Dismantling DACA: What It Means For The Immigrant Community

Photo credit: "Protest after announced repeal of DACA." By Harrie van Veen. Trump Tower. Flickr (CC BY 2.0)

The Trump Administration officially announced plans on Tuesday to end Deferred Action for Childhood Arrivals (DACA), an Obama-era policy that protected young undocumented immigrants from deportation, on the condition that they were pursuing education and free of any serious crimes.

The deferrals under DACA lasted for two years and were subject to continuous renewal. However, DACA did not offer a path to citizenship for undocumented immigrants and the Illegal Immigration Reform and Immigration Responsibility Act of 1996 bars immigrants from returning to the country to seek legal status for three and ten year periods depending on their length of time spent in the country.

The lack of a path for citizenship may have been a shortcoming of DACA, but the executive action protected over 800,000 people from deportation. It also encouraged undocumented immigrants to pursue educational opportunities and be productive members of the country, as it granted them opportunities for employment authorization.

The decision by President Donald Trump to rescind the 2012 executive order has sent the immigrant community into disarray, with many fearing for their future once their individual deferrals expire. Proponents of DACA have amassed for a series of protests and demonstrations across the county in an effort to try to convince lawmakers to either overturn the decision or pass legislation that would have similar protections for Dreamers.

Abraham Cepeda, an immigration lawyer for the Cultura Law firm in Berks County, questioned the Trump Administration’s argument that DACA threatened “rule of law” in the country, believing it to be a false way of framing the issue.

“I think it is a horrible decision and the reasoning they used was false. DACA was a use of prosecutorial discretion and was not a constitutional overreach the way they tried to frame it to the public,” Cepeda said. “Obviously, as president, he has the authority to rescind the program either way, but he tried to wrap himself in the law and that was not accurate.”

Cepeda believes the move will have a devastating impact on the immigrant community, causing fear and instability throughout the country as immigrants panic in the face of increased enforcement.

“First, it will instill fear and uncertainty to the 800,000 [people] who have DACA but also to people in other temporary statuses,” Cepeda said.

The most damaging effects, according to Cepeda, will come on the enforcement end as ICE officers gain access to information on noncitizen whereabouts that will aid in the deportation process.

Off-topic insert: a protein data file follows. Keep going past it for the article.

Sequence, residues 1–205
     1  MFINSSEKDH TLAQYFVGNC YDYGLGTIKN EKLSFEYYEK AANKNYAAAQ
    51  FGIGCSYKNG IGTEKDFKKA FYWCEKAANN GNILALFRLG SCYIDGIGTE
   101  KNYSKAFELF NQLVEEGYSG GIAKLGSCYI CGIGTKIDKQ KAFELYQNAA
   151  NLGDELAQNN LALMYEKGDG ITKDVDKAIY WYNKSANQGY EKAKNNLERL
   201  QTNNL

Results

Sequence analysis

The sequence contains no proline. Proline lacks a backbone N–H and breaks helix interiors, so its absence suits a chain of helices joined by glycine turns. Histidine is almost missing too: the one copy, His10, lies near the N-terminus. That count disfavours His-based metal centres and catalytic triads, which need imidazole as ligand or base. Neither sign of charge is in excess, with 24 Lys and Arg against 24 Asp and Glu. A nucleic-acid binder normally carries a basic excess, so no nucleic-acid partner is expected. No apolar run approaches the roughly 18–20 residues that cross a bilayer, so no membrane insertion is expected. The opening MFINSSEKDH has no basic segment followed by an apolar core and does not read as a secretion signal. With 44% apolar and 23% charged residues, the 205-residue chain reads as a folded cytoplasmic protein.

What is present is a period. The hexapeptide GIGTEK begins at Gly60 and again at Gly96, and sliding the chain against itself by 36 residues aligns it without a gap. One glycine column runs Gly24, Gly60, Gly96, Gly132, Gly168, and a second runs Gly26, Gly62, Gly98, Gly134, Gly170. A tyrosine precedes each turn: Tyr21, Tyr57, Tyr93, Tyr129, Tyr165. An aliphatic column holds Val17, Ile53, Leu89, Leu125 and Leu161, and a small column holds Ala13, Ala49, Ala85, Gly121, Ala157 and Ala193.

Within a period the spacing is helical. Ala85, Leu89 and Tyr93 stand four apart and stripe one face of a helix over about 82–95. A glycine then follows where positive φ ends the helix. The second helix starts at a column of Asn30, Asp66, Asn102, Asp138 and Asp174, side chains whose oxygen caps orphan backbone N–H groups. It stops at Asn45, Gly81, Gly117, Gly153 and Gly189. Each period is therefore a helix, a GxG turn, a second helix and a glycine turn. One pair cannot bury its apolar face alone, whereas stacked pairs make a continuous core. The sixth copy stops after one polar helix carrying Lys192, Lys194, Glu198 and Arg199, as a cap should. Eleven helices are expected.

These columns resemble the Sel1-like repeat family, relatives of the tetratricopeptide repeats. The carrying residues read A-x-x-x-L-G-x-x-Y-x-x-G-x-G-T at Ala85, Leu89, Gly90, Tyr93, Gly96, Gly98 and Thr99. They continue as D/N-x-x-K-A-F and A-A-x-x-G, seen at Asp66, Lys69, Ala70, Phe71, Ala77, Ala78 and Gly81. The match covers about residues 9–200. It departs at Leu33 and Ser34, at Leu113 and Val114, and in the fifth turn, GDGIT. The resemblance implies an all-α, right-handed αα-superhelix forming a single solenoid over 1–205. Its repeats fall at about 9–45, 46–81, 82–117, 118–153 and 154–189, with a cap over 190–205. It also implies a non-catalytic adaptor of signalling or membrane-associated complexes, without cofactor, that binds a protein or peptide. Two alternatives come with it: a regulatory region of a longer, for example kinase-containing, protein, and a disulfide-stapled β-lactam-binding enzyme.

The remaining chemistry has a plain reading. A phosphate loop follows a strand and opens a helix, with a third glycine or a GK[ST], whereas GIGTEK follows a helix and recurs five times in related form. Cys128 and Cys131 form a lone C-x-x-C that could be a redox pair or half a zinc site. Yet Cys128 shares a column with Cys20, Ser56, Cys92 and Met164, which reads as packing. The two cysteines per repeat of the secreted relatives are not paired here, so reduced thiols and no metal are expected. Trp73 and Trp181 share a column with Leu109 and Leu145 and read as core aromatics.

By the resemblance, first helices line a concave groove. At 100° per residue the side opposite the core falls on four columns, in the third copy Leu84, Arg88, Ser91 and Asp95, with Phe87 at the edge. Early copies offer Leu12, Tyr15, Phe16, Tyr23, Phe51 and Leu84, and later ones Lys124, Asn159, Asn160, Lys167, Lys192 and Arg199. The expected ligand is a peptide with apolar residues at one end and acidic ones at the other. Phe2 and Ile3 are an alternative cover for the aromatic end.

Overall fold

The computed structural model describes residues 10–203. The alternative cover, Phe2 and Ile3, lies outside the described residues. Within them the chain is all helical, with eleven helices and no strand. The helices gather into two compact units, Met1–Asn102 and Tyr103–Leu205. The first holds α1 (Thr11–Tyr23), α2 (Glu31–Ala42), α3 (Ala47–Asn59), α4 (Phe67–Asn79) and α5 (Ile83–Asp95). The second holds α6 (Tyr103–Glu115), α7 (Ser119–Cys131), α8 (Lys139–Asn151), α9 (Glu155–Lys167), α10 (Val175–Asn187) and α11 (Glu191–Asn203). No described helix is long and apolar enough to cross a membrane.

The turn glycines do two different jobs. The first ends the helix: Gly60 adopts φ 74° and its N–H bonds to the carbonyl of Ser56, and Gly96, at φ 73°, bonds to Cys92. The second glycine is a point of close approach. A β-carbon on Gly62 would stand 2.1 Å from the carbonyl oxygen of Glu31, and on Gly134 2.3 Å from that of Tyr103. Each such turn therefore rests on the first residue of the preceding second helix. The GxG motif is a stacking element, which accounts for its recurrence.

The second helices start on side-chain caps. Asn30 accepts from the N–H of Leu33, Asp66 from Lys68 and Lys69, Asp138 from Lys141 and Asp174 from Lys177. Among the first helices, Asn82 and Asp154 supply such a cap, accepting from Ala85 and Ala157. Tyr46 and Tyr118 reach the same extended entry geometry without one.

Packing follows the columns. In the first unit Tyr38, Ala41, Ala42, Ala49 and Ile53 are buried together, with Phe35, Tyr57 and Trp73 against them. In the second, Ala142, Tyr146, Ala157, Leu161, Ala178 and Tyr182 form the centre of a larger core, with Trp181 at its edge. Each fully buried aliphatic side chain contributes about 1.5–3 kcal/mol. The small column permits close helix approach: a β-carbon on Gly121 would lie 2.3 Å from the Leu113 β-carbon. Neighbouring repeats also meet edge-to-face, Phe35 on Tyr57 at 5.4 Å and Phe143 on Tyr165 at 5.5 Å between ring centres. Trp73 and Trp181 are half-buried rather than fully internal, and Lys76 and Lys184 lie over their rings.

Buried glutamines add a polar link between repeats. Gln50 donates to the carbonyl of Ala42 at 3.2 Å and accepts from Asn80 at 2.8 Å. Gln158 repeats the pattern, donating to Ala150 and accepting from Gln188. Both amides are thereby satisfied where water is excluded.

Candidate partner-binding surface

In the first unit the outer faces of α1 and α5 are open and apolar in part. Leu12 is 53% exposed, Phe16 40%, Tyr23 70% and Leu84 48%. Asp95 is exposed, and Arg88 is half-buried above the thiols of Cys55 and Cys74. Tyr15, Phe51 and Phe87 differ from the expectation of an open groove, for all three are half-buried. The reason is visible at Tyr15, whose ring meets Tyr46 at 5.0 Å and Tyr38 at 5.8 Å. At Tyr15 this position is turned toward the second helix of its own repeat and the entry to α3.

“After that initial effect, the real effect will come when DACA recipients’ work permits start to expire and they start to lose their jobs and homes,” he said. “Even worse, after the protections expire it is very likely that ICE will target former DACA recipients for deportation because they have all the information on their whereabouts, and their mandate is to deport as many people as possible.”

Cepeda and the immigrant community are taking steps to protect DACA recipients in the six months before the repeal of DACA goes into effect. Members of both the American Civil Liberties Union of Pennsylvania and Pennsylvania Immigration and Citizenship Coalition are urging both citizens and lawmakers to get behind the proposed bipartisan DREAM Act of 2017, that would put similar protections in place for noncitizens in the U.S.

The DREAM Act of 2017 would grant conditional permanent resident status to undocumented immigrants who meet many of the same requirements that DACA set forth. It would protect DACA recipients, as well as immigrants pursuing a variety of educational opportunities, including early childhood education, elementary education, secondary education and higher education.

The conditional status granted to immigrants by the DREAM Act would be for a period of eight years, rather than the two years that DACA ensured undocumented immigrants. The bill would also offer a path to citizenship for immigrants who meet certain educational and work requirements.

Cepeda said he is advising DACA recipients to open businesses if they have a trade, or for those who rent to consider relocating prior to their card’s expiration date. He suggests that those who relocate don’t leave a forwarding address with their post office.

With the absence of DACA looming, Cepeda is urging clients to explore other immigration protections.

“I am advising DACA recipients to get screened for other immigration possibilities in their case,” he said. “For those whose cards are about to expire, I recommend renewing their work permits before the October 5th deadline.”

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About Justin Sweitzer 8 Articles
Justin Sweitzer is a journalist and Kutztown University student. He is a student fellow for Raging Chicken Press and also covers local government in Northampton County for The Home News. He can be reached via email at justin@rcpress.org and through Twitter at @justin_sweitzer.

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